UDP (User Datagram Protocol)
A protocol in the TCP/IP suite operating at the transport layer to provide connectionless, non-guaranteed communication with no sequencing or flow control. Faster than TCP, but does not provide reliability.
UEFI (Unified Extensible Firmware Interface)
A type of system firmware providing support for 64-bit CPU operation at boot, full GUI and mouse operation at boot, and better boot security.
URL (Uniform Resource Locator/Identifier)
An application-level addressing scheme for TCP/IP, allowing for human-readable resource addressing. For example: protocol://server/file, where "protocol" is the type of resource (HTTP, FTP), "server" is the name of the computer (www.microsoft.com), and "file" is the name of the resource you wish to access.
USB On the Go (OTG)
A USB standard that allows a port to function as either a host or as a device
UTM (Unified Threat Management)
All-in-one security appliances and technologies that combine the functions of a firewall, malware scanner, intrusion detection, vulnerability scanner, Data Loss Prevention, content filtering, and so on.
UTP (Unshielded Twisted Pair cabling)
The type of cabling typically used for computer networking, composed of eight insulated copper wires grouped into four pairs with each pair twisted to reduce interference between wires.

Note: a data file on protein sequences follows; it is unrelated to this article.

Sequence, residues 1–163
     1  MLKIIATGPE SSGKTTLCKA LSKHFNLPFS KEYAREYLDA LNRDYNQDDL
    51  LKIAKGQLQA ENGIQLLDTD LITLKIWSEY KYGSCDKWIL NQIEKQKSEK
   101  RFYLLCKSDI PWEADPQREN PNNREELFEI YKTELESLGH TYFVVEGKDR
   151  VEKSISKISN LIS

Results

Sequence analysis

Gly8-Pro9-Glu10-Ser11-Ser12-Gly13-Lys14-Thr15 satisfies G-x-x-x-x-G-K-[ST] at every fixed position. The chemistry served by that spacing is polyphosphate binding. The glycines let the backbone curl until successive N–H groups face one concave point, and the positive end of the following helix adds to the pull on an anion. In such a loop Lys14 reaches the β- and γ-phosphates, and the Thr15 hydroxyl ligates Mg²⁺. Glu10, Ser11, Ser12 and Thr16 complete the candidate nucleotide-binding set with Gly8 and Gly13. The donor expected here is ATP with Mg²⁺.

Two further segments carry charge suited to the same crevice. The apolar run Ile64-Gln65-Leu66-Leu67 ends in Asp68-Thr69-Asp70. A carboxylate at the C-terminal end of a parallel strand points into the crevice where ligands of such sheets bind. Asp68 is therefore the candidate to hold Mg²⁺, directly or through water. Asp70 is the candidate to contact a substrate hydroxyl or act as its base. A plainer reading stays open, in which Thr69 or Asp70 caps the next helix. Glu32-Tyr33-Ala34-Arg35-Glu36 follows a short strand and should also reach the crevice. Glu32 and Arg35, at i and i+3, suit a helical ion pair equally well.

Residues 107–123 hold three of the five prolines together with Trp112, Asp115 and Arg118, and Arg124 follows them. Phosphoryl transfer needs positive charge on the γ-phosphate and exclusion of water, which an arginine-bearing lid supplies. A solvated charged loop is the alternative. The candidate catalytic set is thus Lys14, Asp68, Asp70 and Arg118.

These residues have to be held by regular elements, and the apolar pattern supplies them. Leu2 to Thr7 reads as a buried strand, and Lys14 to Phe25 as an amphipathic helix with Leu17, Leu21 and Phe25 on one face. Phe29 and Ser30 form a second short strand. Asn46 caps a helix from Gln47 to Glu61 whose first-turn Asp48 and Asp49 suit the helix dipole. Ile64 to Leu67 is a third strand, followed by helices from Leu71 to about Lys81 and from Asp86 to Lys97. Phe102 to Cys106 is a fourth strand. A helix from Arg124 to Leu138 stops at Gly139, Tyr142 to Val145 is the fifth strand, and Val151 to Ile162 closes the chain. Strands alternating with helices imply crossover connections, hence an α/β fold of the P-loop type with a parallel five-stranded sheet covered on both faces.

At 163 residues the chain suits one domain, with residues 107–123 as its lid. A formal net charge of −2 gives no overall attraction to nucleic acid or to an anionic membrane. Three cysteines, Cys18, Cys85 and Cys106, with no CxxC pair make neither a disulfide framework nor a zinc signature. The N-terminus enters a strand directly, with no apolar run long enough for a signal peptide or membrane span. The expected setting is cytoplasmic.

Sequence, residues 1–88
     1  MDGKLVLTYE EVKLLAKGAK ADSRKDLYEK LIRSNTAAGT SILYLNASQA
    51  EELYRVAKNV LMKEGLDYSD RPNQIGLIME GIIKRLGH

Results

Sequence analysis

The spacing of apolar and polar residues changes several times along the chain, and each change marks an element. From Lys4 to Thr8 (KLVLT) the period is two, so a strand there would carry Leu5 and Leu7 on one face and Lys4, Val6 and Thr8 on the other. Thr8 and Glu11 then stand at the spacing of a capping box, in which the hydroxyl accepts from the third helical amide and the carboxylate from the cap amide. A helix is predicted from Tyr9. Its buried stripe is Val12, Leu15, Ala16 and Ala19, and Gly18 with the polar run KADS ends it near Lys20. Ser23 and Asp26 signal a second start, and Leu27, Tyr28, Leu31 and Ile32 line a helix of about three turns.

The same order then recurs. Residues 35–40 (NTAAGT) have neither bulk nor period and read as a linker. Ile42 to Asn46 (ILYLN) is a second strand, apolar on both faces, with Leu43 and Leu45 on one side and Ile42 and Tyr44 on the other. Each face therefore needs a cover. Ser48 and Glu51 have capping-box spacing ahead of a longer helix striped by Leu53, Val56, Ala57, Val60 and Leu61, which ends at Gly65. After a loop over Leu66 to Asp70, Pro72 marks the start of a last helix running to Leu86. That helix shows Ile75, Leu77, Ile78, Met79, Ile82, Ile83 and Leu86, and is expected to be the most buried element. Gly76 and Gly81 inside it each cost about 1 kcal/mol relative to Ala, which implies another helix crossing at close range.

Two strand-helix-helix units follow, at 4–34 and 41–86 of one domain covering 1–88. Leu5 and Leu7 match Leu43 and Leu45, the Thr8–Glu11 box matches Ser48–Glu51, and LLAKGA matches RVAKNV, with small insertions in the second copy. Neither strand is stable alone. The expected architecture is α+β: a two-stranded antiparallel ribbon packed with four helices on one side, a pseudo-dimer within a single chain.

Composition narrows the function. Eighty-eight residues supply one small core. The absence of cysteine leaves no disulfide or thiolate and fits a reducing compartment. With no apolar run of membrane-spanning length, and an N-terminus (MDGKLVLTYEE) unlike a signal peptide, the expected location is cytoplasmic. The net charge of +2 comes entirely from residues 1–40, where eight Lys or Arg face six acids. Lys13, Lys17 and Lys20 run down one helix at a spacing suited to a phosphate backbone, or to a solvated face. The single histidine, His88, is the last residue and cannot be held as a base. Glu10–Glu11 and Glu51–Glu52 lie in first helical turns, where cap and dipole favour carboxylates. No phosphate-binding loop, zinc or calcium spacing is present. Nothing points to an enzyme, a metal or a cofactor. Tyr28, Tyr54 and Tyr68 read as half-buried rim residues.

VDE (Virtual Desktop Environment)
A virtual environment in which users can customize and update the environment as if it was a physical environment.
VDI (Virtual Desktop Infrastructure)
Hosting user desktops as virtual machines on a centralized server or cloud infrastructure.
The desktop OS plus applications software is delivered to the client device (often a thin client) over the network as an image.
VDSL (Very High Bitrate DSL)
A high speed version of DSL with an upstream rate between 1.5 Mbps and 2.5 Mbps and a downstream rate between 50 Mbps and 55 Mbps.
virtual application streaming
Just enough of an application is installed on the end user device for the system to recognize that the application is available to the user, and when the user accesses the application, additional portions of the code are downloaded to the device.
A software application that enables communication between VMs.
Software allowing a single computer (the host) to run multiple "guest" operating systems (or Virtual Machines [VMs]). The VMs are configured via a hypervisor or VM Monitor (VMM). VMs can be connected using virtual networks (vSwitch) or leverage the host's network interface(s). It is also possible for the VMs to share data with the host (via shared folders or the clipboard, for instance). VT is now used as major infrastructure in data centers as well as for testing and training.
VLAN (Virtual LAN)
A logically separate network, created using switching technology. Even though hosts on two VLANs may be physically connected to the same cabling, local traffic is isolated to each VLAN so they must use a router to communicate.
VM (Virtual Machine)
A guest operating system installed on a host computer using virtualization software (a hypervisor), such as Microsoft Hyper-V or VMware.
VSAT (Very Small Aperture Terminal)
A microwave antenna aligned to an orbital satellite that can either relay signals between sites directly or via another satellite.
Extensions in Intel-based systems that allow hardware virtualization.